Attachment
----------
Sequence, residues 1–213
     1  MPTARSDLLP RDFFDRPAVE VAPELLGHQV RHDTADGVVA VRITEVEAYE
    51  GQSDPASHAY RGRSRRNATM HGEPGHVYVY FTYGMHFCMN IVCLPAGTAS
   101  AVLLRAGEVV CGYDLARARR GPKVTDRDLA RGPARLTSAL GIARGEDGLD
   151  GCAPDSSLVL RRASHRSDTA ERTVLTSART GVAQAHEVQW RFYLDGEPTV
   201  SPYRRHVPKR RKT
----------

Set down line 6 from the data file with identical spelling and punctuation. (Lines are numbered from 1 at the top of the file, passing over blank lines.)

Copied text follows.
   201  SPYRRHVPKR RKT